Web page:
When he finished, I asked him if he had hard evidence on this plot. “Evidence,” he asked. “What kind of evidence?”
“I’m talking about documents, letters; I’m a historian after all. I like documents.”
He laughed. “You gotta be kiddin’,” he said. “There’s no documents.” A moment later though, Dutch told me that Hoover probably wrote something about it and that maybe I should check in Washington. Other former Jewish mobsters I had interviewed told me how they had helped Jews and how they had taken action against anti-Semites and Nazi Bundists in the United States during the 1930s. Maybe they were trying to impress me. Maybe in their old age they wanted to erase some of the more nefarious deeds of their youth. They conveniently forgot to tell me that they got their start in crime by beating and robbing Jews in their neighborhood. The same, I thought, might be true with Dutch. Maybe he made the story up, or told me what he thought I wanted to hear.
A year later I was doing research in the archives of the FBI building in Washington. I was seated at a desk waiting for a file to be brought to me when a file on the adjacent table caught my eye. It was labeled “Adolf Hitler.” I wondered why the FBI would have a file on Hitler. I opened the file and found memos, reports, and letters documenting an alleged attempt by American Jews to assassinate Hitler in 1933. Maybe Dutch had told me the truth.
The file, number 65-53615, details a plot involving one man. The plot passed the initial planning stage but may have been foiled by the U.S. Department of Justice. In an effort to prevent an international incident—an American citizen assassinating a German leader—American law-enforcement officials might have helped save Hitler.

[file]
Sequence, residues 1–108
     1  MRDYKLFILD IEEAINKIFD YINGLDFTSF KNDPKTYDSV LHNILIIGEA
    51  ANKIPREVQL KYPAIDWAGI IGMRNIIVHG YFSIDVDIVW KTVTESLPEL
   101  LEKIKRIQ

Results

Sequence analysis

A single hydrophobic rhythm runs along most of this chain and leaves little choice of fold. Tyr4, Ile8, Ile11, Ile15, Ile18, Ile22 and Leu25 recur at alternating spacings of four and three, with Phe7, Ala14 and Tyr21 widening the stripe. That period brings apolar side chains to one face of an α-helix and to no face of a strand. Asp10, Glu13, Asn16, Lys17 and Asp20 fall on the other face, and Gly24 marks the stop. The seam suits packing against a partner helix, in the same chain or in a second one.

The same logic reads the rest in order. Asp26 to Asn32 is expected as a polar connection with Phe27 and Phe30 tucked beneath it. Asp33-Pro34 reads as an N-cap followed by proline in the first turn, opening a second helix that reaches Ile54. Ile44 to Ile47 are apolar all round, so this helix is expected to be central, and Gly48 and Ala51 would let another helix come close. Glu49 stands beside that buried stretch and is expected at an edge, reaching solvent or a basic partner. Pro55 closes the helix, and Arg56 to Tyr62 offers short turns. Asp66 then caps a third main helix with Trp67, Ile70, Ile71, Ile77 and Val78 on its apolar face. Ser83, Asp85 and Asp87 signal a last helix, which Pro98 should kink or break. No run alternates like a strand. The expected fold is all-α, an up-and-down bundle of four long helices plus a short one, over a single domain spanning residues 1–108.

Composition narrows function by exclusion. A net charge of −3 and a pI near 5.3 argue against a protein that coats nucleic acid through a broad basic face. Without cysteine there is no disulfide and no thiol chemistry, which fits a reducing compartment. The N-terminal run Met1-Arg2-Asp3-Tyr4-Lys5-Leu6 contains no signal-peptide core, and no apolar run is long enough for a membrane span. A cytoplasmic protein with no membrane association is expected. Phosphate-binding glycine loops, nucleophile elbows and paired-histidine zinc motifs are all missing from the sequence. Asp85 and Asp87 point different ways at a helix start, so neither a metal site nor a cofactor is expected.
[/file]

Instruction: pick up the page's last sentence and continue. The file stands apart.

The tale of the conspiracy to kill the German chancellor came to the attention of the American government by way of a letter dated March 23, 1933, typed on plain white paper and addressed to “The German Ambassador, Washington D.C.” The ambassador passed the letter to the Secretary of State Cordell Hull on March 28, and Hull forwarded it to the U.S. Attorney General Homer Cummings. It read:
I have asked President Roosevelt to publicly remonstrate with your government [about] the outrages committed upon the Jews in Germany, and to demand an immediate and complete end of this persecution.
In the event that he does not make such a statement, I notify you that I shall go to Germany and assassinate Hitler.
German diplomats demanded an immediate and full investigation of the threat. It should be mentioned that the German ambassador, Friedrich Wilhelm von Prittwitz, resigned from the German government in April 1933 in protest over Hitler’s appointment as chancellor.
Franklin Roosevelt had been in office only a few weeks and had a nationwide Depression to contend with. Events in Germany, including Hitler’s accession to power, hardly concerned the government or most of the American public. Nonetheless, the threat expressed in the letter could not be ignored or simply attributed to a crank. More militant members of the American Jewish community had reacted to Hitler’s anti-Semitic policies by taking to the streets. Hundreds picketed German consulates, businesses, and stores selling German products. Thousands attended protest rallies and parades in New York, Chicago, Cleveland, Detroit, and other cities. In this atmosphere, Stern’s personal declaration of war against Hitler was taken seriously.